13. Breitling LP, Yang R, Korn B, Burwinkel B, Brenner H. Tobacco-smoking-related differential DNA methylation: 27K discovery and replication. American journal of human genetics. 2011;88:450–7.View ArticlePubMedPubMed CentralGoogle Scholar
  14. Sakao S, Tatsumi K. The importance of epigenetics in the development of chronic obstructive pulmonary disease. Respirology. 2011;16:1056–63.View ArticlePubMedGoogle Scholar
  15. Qiu W, Baccarelli A, Carey VJ, Boutaoui N, Bacherman H, Klanderman B, Rennard S, Agusti A, Anderson W, Lomas DA, DeMeo DL. Variable DNA methylation is associated with chronic obstructive pulmonary disease and lung function. American journal of respiratory and critical care medicine. 2012;185:373–81.View ArticlePubMedPubMed CentralGoogle Scholar
  16. Wan ES, Qiu W, Baccarelli A, Carey VJ, Bacherman H, Rennard SI, Agusti A, Anderson W, Lomas DA, Demeo DL. Cigarette smoking behaviors and time since quitting are associated with differential DNA methylation across the human genome. Human molecular genetics. 2012;21:3073–82.View ArticlePubMedPubMed CentralGoogle Scholar
  17. Zeilinger S, Kuhnel B, Klopp N, Baurecht H, Kleinschmidt A, Gieger C, Weidinger S, Lattka E, Adamski J, Peters A, et al. Tobacco smoking leads to extensive genome-wide changes in DNA methylation. PloS one. 2013;8:e63812.View ArticlePubMedPubMed CentralGoogle Scholar
  18. Saccone NL, Wang JC, Breslau N, Johnson EO, Hatsukami D, Saccone SF, Grucza RA, Sun L, Duan W, Budde J, et al. The CHRNA5-CHRNA3-CHRNB4 nicotinic receptor subunit gene cluster affects risk for nicotine dependence in African-Americans and in European-Americans. Cancer research. 2009;69:6848–56.View ArticlePubMedPubMed CentralGoogle Scholar
  19. Zhu G, Warren L, Aponte J, Gulsvik A, Bakke P, Anderson WH, Lomas DA, Silverman EK, Pillai SG. The SERPINE2 gene is associated with chronic obstructive pulmonary disease in two large populations. American journal of respiratory and critical care medicine. 2007;176:167–73.View ArticlePubMedGoogle Scholar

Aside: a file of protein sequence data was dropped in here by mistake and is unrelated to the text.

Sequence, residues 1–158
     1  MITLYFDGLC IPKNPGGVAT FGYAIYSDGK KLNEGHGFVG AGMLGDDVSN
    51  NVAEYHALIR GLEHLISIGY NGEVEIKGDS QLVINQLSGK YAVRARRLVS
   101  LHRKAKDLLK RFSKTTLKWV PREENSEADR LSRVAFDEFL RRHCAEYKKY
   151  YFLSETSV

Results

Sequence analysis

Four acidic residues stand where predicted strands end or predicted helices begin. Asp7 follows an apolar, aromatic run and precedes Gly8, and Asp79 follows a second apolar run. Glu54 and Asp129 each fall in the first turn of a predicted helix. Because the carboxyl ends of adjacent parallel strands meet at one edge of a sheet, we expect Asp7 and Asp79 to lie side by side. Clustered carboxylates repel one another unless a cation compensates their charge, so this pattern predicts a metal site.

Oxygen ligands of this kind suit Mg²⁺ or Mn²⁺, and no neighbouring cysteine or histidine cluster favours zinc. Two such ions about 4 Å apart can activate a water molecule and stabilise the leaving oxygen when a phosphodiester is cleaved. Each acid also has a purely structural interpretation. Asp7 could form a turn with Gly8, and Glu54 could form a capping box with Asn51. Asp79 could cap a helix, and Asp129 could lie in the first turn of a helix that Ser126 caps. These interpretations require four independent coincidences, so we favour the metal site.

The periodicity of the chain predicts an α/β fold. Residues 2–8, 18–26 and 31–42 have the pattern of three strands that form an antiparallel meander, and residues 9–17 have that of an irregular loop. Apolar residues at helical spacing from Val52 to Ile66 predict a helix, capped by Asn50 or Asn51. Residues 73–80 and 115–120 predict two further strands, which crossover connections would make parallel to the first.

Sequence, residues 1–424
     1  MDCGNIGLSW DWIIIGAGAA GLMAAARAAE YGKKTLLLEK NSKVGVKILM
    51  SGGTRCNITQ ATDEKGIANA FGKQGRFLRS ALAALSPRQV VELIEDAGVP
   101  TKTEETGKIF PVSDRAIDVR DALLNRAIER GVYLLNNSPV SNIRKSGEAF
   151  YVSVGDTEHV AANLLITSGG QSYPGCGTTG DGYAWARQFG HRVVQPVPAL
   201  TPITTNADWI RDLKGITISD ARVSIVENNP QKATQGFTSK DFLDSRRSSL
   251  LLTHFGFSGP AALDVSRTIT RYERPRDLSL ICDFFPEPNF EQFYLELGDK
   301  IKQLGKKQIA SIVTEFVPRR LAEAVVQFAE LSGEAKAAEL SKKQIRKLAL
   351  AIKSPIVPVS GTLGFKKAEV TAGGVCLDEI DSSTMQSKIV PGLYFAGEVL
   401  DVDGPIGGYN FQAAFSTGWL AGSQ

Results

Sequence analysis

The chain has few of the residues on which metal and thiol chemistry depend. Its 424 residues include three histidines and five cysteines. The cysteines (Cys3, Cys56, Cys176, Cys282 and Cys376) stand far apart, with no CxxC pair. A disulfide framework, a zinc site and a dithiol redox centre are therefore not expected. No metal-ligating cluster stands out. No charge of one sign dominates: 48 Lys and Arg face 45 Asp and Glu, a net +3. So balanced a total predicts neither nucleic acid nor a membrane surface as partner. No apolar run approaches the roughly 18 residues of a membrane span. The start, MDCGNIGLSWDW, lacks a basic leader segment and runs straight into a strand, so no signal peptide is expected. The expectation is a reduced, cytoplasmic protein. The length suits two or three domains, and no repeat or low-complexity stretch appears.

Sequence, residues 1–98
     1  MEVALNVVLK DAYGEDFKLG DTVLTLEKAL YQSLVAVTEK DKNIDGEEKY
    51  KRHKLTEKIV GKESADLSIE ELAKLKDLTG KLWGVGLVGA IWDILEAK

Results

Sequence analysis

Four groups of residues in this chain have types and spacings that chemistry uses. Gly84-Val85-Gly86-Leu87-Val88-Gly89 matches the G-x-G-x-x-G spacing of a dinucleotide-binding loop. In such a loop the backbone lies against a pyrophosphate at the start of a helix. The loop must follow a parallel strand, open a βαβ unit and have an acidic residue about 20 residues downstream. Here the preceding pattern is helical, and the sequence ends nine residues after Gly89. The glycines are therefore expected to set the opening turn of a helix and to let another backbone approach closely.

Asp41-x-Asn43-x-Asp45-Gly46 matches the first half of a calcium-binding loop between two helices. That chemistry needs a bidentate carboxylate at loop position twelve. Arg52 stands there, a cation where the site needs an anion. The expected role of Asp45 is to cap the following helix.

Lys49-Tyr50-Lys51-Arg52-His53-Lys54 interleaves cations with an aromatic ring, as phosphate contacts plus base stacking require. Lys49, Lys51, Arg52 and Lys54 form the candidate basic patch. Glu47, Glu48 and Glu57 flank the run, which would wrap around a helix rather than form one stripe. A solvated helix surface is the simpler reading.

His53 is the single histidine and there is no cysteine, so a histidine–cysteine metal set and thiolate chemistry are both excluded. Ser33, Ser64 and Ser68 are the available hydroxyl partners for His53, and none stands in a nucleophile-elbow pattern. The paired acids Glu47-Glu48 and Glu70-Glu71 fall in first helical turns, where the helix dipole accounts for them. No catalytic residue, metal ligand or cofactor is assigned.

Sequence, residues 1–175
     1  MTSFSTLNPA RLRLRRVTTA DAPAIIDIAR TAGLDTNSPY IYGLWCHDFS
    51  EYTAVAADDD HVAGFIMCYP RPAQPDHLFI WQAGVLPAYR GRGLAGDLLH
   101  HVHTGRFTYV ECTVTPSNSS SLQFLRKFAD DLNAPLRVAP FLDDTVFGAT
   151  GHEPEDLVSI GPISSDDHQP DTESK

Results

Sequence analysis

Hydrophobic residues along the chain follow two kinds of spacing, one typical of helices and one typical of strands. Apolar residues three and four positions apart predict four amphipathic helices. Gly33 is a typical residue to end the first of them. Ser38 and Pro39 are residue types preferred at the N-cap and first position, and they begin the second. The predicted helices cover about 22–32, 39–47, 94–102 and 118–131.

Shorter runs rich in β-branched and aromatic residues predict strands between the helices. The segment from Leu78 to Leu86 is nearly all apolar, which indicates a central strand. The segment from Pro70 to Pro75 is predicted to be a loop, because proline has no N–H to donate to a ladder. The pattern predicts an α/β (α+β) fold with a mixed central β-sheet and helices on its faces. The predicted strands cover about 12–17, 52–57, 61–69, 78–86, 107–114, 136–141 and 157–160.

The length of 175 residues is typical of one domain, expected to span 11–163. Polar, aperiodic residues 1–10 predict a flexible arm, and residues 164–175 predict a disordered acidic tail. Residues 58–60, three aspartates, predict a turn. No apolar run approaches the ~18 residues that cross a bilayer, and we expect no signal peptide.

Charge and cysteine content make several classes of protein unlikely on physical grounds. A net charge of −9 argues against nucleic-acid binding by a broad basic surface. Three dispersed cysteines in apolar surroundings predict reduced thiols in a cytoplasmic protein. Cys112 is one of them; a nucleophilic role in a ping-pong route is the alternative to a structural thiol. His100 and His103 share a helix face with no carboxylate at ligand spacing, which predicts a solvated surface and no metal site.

20. Langfelder P, Horvath S. WGCNA: an R package for weighted correlation network analysis. BMC bioinformatics. 2008;9:559.View ArticlePubMedPubMed CentralGoogle Scholar
  21. Rickabaugh TM, Baxter RM, Sehl M, Sinsheimer JS, Hultin PM, Hultin LE, Quach A, Martinez-Maza O, Horvath S, Vilain E, Jamieson BD. Acceleration of age-associated methylation patterns in HIV-1-infected adults. PloS one. 2015;10:e0119201.View ArticlePubMedPubMed CentralGoogle Scholar
  22. Wan ES, Qiu W, Baccarelli A, Carey VJ, Bacherman H, Rennard SI, Agusti A, Anderson WH, Lomas DA, DeMeo DL. Systemic steroid exposure is associated with differential methylation in chronic obstructive pulmonary disease. American journal of respiratory and critical care medicine. 2012;186:1248–55.View ArticlePubMedPubMed CentralGoogle Scholar
  23. GTEx Consortium. The Genotype-Tissue Expression (GTEx) pilot analysis: multitissue gene regulation in humans. Science. 2015;348:648–60.Google Scholar
  24. Wu X, Sun X, Chen C, Bai C, Wang X. Dynamic gene expressions of peripheral blood mononuclear cells in patients with acute exacerbation of chronic obstructive pulmonary disease: a preliminary study. Critical care. 2014;18:508.View ArticlePubMedPubMed CentralGoogle Scholar
  25. Wijkstrom-Frei C, El-Chemaly S, Ali-Rachedi R, Gerson C, Cobas MA, Forteza R, Salathe M, Conner GE. Lactoperoxidase and human airway host defense. American journal of respiratory cell and molecular biology. 2003;29:206–12.View ArticlePubMedGoogle Scholar
  26. Jin N, Kolliputi N, Gou D, Weng T, Liu L. A novel function of ionotropic gamma-aminobutyric acid receptors involving alveolar fluid homeostasis. The Journal of biological chemistry. 2006;281:36012–20.View ArticlePubMedGoogle Scholar
  27. Rowan-Carroll A, Halappanavar S, Williams A, Somers CM, Yauk CL. Mice exposed in situ to urban air pollution exhibit pulmonary alterations in gene expression in the lipid droplet synthesis pathways. Environmental and molecular mutagenesis. 2013;54:240–9.View ArticlePubMedGoogle Scholar
  28. Igartua C, Myers RA, Mathias RA, Pino-Yanes M, Eng C, Graves PE, Levin AM, Del-Rio-Navarro BE, Jackson DJ, Livne OE, et al. Ethnic-specific associations of rare and low-frequency DNA sequence variants with asthma. Nature communications. 2015;6:5965.View ArticlePubMedPubMed CentralGoogle Scholar
  29. TCNG: The Cancer Network Galaxy [http://tcng.hgc.jp/index.html]. Accessed 6 Mar 2016.
  30. Baughman RP, Culver DA. Sarcoidosis. Clinics in chest medicine. 2015;36:xv.View ArticlePubMedGoogle Scholar
  31. Kanehisa M, Goto S. KEGG: kyoto encyclopedia of genes and genomes. Nucleic acids research. 2000;28:27–30.View ArticlePubMedPubMed CentralGoogle Scholar
  32. Kumar A, Das S, Agrawal A, Mukhopadhyay I, Ghosh B. Genetic association of key Th1/Th2 pathway candidate genes, IRF2, IL6, IFNGR2, STAT4 and IL4RA, with atopic asthma in the Indian population. Journal of human genetics. 2015;60:443–8.View ArticlePubMedGoogle Scholar
  33. Li X, Zhang X, Leathers R, Makino A, Huang C, Parsa P, Macias J, Yuan JX, Jamieson SW, Thistlethwaite PA. Notch3 signaling promotes the development of pulmonary arterial hypertension. Nature medicine. 2009;15:1289–97.View ArticlePubMedPubMed CentralGoogle Scholar